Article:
Voices From Guantanamo
nytheatre.com review by Kelly Aliano
January 30, 2009
At St. Veronica's Church, the current theatrical home for the Actors & Poets Group's production of Voices from Guantanamo, I was present for a vital and significant work of theatre. As an audience member, I was asked to bear witness to the words of prisoners held at the U.S. detention center at Guantanamo Bay in Cuba. This work is a clear reminder of why we go to the theatre and why we create art, a testament to the ways in which art is a vital human activity and perhaps even a powerful tool for change.
The piece is a performative recitation of poems written by those being detained at Guantanamo, adapted for the stage by Duane Mazey and Carlo D'Amore. D'Amore has also directed the piece brilliantly. There are five young men who portray the prisoners through a dramatic presentation of the poems written during imprisonment. In addition, a female lawyer narrates key events of the history of the use of Guantanamo throughout the War on Terror, and shares important specific details about the particular individuals who penned the words we are hearing. The actors not only take on the personas of the various prisoners, they also embody the poems themselves, allowing the words to come to life by giving them voice. This, in turn, forces those present to listen and attempt to understand—or, if not to comprehend fully the poetic text, then at least to empathize with these prisoners as real, complex human beings, and to recognize and contemplate the reality of the prison setting. The performers—Adeel Ahmed, Seif Badrawy, Dave Hall, Sunny Joseph, 'Aina Rapoza, and Bernadette Drayton—are all passionate and compelling in their performances.
The set is simple: five black mats positioned on the floor, each with a silver bucket in one corner; an office desk strewn with common desk objects at a corner of the stage; and many sheets of yellow notebook paper littering the floor, making the poems themselves seem ever present, an integral part of the prison space. The theatre elements employed in the production are kept to a minimum, but those that are used constitute gripping choices. The ambient sounds of the area surrounding the detention center, such as helicopters overhead, are present in the space from the moment the audience enters. In addition, the opening stage picture is unforgettably meaningful. After a startling sudden blackout, the five men emerge on stage, dressed all in white, with white fabric covering their faces. They stand close together and represent not actual people, but instead a kind of screen on which projections of various events of the war and of Guantanamo are shown. In this way, the human body is strikingly dehumanized on stage; it is theatrical spectacle that mimics, symbolically, the reality of what is happening to the prisoners. They are no longer allowed to function as full human beings; they are a blank slate on which world events are projected. The prisoners are not seen as unique individuals; they are denied basic human rights and stripped of their freedoms without even a clear justification as to why.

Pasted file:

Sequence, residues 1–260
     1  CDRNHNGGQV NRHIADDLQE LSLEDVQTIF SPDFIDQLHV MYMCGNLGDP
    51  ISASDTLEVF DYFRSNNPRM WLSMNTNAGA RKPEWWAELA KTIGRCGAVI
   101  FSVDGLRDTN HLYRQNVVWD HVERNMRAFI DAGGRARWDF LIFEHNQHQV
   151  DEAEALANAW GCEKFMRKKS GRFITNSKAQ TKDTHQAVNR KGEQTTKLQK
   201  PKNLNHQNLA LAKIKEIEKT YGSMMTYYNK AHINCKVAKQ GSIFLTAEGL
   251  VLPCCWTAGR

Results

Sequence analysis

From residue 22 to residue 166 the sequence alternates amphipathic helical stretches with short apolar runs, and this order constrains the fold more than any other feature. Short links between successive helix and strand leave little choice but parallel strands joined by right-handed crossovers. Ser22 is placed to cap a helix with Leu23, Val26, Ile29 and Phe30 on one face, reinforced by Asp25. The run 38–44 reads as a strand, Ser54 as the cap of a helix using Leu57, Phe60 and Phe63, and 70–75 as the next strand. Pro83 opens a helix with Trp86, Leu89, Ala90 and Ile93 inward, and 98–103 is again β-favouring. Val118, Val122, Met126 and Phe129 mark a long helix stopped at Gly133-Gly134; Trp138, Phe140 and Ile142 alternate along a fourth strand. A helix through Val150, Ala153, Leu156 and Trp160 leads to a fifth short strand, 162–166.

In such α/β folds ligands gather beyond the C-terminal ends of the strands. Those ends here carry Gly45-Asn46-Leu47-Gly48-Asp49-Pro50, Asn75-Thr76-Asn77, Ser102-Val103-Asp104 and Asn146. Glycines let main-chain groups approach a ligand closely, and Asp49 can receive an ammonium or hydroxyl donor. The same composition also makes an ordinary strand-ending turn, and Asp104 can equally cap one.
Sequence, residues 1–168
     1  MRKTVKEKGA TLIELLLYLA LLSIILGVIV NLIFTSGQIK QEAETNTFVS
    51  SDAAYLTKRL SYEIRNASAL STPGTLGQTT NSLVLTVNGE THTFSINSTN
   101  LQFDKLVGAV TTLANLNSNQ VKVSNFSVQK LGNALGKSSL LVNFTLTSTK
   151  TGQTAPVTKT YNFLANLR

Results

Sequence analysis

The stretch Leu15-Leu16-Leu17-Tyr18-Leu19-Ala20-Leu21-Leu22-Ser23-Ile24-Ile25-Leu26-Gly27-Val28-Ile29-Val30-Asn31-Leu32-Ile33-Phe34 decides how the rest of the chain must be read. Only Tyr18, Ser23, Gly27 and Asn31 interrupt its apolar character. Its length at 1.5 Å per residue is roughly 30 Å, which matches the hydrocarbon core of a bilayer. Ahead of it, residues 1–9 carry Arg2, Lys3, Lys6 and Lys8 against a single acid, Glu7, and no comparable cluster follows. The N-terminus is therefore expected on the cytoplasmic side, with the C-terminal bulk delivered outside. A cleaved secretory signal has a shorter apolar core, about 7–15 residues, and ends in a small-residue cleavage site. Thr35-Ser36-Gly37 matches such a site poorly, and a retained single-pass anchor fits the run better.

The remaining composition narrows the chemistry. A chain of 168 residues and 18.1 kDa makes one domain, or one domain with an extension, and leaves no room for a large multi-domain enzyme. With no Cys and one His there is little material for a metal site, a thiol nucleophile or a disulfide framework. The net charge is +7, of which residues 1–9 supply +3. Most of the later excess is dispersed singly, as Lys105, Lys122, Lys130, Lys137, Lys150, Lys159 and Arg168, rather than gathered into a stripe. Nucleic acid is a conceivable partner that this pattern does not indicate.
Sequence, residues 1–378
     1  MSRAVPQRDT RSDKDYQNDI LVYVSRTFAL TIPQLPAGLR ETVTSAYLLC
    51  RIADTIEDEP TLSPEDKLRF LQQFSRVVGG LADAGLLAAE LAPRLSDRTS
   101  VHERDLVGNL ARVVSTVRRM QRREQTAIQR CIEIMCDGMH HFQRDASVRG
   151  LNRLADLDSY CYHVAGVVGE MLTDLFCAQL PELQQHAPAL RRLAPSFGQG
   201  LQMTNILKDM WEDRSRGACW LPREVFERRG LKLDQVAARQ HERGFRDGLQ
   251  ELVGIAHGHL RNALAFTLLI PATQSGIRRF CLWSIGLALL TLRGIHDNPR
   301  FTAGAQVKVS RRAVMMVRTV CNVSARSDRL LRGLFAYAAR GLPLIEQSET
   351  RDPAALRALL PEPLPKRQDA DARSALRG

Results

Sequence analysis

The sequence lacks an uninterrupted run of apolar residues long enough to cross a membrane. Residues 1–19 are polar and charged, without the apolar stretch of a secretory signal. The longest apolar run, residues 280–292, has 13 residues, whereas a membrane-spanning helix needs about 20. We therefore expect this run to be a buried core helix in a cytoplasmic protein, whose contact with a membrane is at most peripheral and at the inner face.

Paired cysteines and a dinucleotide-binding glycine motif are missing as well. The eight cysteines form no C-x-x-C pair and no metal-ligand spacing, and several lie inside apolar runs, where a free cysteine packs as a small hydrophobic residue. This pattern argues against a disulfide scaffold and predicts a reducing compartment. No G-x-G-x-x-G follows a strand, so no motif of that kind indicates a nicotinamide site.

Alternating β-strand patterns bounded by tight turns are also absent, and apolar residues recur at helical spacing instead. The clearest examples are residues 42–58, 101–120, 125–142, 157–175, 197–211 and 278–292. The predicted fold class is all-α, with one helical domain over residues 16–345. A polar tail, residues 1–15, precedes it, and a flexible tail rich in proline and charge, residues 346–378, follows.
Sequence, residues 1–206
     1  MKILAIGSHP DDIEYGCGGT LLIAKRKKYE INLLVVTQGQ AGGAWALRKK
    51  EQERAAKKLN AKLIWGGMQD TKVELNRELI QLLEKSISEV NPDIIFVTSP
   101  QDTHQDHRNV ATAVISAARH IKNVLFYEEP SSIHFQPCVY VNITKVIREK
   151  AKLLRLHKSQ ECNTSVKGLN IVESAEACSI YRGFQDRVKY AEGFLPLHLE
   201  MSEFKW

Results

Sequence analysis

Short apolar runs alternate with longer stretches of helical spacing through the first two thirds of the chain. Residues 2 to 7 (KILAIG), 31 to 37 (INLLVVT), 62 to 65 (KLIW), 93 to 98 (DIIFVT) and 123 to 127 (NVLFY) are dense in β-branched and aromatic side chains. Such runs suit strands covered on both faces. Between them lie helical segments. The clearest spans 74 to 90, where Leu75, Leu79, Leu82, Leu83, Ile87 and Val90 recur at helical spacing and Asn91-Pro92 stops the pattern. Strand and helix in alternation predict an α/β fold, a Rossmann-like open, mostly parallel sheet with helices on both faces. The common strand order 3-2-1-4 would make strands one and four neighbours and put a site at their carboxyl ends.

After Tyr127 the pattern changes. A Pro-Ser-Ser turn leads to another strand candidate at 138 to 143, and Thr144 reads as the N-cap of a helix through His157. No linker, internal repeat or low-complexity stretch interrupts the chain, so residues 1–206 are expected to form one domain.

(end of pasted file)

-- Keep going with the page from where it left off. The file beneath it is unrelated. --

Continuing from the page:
The play is also preoccupied with the relationship between poetry and national and international crises. The work highlights that these poems were initially silenced because they were seen as a potential risk to national security. The actuality is that art can be, and perhaps should be, potentially dangerous to certain political positions. Poetry, the act of creation, is also, as the work points out, often "born of suffering." The larger point is that even in the face of something horrific and incomprehensible, something beautiful can be created. Art is still created in light of the worst of conditions, in the face of the most terrible human rights abuses.
The lawyer reminds the audience, "Perhaps their poems will prick the conscience of a nation." She, along with the creators of this theatrical work, is aware of the potential efficacy built into a work of art. Theatre can, literally, stage an event that has taken place or is taking place, making its audience confront and experience it directly. In doing so, it can open the spectators' eyes to realities previously dismissed or ignored and perspectives previously misunderstood or left unspoken. Voices from Guantanamo takes on an important aspect of the current political situation and presents it for the audience, hopefully opening a dialogue with and for the viewers about the realities of the world in which they live. In this way, the play is incredibly powerful. Perhaps a work of theatre, on its own, can do nothing to end a specific crisis; what it can do, however, is force the spectators to remain aware of that crisis and, in so doing, potentially inspire them, the public, us, to do something about what is wrong.